Next Post: Johnny Van Zant- Round Two

To buy Rock And Roll Children, go to http://www.strategicpublishinggroup.com/title/RockAndRollChildren.html

Also available on Amazon, Barnes & Noble and Froogle and on sale at Foyles Book Shop in London

Great Rock Albums of 1981: Danny Joe Brown and the Danny Joe Brown Band

Posted in 1980s, Music, Rock, Uncategorized with tags , , , , , , , , , , , , on March 23, 2014 by 80smetalman

 

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Every Saturday night, the local FM radio station in Jacksonville, North Carolina had a feature starting at midnight called the Saturday Night Six Pack. They would play six albums, both classic and new in their entirety. One Saturday night in July of 1981, while I was doing the midnight to 4AM barracks security watch and before my company gunnery sergeant banned the listening of music whilst on duty, they played a brand new album from The Danny Joe Brown Band. I remember it well because it was played straight after Billy Joel’s “Glass Houses” album. I also remember that it was a very good album and listening to it again, only confirmed the earlier belief. You are probably wondering why I never bought the album, it was due to being strapped for cash. Crap military pay and car troubles are not a good combination.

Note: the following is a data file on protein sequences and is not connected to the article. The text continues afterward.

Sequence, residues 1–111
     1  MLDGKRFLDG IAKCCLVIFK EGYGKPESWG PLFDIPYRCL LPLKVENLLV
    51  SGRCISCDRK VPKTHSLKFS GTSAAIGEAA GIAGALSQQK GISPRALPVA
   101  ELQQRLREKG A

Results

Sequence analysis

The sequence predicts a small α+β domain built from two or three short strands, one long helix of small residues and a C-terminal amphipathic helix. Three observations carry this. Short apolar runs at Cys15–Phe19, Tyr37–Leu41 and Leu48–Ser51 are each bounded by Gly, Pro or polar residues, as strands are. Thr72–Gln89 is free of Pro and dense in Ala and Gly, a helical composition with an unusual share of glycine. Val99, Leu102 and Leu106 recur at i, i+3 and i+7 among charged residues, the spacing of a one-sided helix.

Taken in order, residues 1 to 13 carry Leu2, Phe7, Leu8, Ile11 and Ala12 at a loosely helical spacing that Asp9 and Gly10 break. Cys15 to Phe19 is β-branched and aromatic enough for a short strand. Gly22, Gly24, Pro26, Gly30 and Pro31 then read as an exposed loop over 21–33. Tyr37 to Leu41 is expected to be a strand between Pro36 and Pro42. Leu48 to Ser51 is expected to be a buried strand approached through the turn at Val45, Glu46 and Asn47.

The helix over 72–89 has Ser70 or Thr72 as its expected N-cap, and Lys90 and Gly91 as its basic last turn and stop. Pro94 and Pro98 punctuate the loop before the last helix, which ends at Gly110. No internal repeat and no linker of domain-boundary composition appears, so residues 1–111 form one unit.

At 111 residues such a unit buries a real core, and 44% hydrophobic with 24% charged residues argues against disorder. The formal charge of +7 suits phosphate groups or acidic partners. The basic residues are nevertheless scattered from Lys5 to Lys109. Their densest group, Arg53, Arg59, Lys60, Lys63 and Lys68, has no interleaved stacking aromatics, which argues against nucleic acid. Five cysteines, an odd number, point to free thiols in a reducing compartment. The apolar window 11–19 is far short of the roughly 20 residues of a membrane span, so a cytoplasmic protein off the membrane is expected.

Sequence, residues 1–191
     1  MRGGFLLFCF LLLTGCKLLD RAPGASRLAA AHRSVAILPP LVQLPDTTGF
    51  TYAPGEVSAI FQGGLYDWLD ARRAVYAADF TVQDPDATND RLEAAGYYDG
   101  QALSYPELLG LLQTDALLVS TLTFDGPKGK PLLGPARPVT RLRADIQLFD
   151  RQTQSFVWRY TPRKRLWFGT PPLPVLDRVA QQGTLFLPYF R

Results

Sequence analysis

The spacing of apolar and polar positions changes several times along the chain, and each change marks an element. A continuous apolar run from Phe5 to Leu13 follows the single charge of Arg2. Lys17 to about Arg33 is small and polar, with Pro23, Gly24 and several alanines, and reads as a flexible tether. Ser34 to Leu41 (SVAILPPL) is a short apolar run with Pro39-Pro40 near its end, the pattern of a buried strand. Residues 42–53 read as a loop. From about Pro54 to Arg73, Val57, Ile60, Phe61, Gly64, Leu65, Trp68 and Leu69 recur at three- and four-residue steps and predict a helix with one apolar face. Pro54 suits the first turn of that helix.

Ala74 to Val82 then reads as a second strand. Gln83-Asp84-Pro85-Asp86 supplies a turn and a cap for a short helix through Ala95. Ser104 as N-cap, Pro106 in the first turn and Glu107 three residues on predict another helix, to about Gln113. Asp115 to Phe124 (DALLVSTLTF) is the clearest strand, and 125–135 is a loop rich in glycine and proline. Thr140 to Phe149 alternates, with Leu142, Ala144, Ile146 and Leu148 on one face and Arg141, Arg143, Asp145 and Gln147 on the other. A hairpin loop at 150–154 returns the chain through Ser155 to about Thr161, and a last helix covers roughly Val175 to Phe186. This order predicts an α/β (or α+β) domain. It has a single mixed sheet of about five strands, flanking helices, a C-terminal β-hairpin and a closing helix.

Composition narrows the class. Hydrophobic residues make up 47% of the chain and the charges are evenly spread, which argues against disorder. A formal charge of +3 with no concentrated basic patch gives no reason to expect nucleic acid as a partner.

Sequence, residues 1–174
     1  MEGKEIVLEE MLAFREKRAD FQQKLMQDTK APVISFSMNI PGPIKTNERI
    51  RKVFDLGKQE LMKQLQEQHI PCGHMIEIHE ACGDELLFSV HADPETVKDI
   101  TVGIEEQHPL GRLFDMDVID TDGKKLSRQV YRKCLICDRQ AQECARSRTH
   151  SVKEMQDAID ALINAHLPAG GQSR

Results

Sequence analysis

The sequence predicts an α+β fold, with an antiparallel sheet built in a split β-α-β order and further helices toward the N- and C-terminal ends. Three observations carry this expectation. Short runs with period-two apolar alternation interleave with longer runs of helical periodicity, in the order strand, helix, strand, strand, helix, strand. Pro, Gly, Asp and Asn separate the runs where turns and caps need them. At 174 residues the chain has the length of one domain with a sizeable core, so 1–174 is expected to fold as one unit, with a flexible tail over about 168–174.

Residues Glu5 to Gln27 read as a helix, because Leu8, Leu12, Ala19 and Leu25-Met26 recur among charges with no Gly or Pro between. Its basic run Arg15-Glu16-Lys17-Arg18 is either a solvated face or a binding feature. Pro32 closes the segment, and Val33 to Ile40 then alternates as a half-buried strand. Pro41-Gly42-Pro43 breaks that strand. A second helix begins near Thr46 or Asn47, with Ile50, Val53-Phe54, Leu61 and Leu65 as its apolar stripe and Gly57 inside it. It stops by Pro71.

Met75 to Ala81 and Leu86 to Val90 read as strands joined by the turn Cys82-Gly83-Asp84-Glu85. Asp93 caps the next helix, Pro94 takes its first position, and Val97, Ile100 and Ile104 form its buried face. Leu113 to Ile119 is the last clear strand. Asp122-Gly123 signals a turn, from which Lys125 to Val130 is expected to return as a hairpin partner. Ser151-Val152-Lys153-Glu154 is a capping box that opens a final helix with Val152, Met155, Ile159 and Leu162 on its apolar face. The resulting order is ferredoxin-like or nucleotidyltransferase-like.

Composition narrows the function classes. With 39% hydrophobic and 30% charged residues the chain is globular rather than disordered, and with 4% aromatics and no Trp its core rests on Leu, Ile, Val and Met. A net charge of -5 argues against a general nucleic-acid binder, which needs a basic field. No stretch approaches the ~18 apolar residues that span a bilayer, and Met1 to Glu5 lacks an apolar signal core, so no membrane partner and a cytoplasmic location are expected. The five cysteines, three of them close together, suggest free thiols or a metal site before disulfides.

What strikes me about this album is that while you can definitely feel that Southern boogie rock vibe throughout the entire album, it is not a clone of any Molly Hatchet album. On the album, Brown certainly does diversify somewhat from the sound of his then former band. The piano intro on “The Edge of Sundown” reminds me a little of Billy Powell from Lynyrd Skynyrd before it breaks off into some great pounding guitars. In fact, some of the guitar work on the album, “The Alamo” to name one, reminded me of The Dreggs and I half expected to see Steve Morse on the personnel list for the album. Like with Molly Hatchet, the three guitarists who Brown recruited for the album definitely know how to play. The entire album bears witness to that fact as there is some impressive playing on every song. Speaking of the piano, the fact that he uses keyboards on this album does not make it all go synth but compliments it perfectly and shows that Danny Joe Brown can be a bit versatile in his song writing. As for Brown’s vocals, I can’t say any different than what you would expect from him, whether it be a Molly Hatchet album or this one.